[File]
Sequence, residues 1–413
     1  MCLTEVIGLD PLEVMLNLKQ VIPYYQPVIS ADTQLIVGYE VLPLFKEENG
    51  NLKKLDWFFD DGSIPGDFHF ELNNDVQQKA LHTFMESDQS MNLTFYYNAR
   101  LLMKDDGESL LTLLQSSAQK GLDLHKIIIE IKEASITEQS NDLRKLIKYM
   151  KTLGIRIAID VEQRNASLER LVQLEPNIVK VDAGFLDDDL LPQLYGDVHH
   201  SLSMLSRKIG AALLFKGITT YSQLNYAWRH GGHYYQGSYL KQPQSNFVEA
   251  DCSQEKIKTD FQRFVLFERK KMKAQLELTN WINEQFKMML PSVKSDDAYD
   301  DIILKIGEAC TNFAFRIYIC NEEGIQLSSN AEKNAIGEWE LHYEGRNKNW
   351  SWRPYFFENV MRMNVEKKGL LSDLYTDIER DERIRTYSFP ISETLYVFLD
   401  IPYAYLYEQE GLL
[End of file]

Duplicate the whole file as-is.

Sequence, residues 1–413
     1  MCLTEVIGLD PLEVMLNLKQ VIPYYQPVIS ADTQLIVGYE VLPLFKEENG
    51  NLKKLDWFFD DGSIPGDFHF ELNNDVQQKA LHTFMESDQS MNLTFYYNAR
   101  LLMKDDGESL LTLLQSSAQK GLDLHKIIIE IKEASITEQS NDLRKLIKYM
   151  KTLGIRIAID VEQRNASLER LVQLEPNIVK VDAGFLDDDL LPQLYGDVHH
   201  SLSMLSRKIG AALLFKGITT YSQLNYAWRH GGHYYQGSYL KQPQSNFVEA
   251  DCSQEKIKTD FQRFVLFERK KMKAQLELTN WINEQFKMML PSVKSDDAYD
   301  DIILKIGEAC TNFAFRIYIC NEEGIQLSSN AEKNAIGEWE LHYEGRNKNW
   351  SWRPYFFENV MRMNVEKKGL LSDLYTDIER DERIRTYSFP ISETLYVFLD
   401  IPYAYLYEQE GLL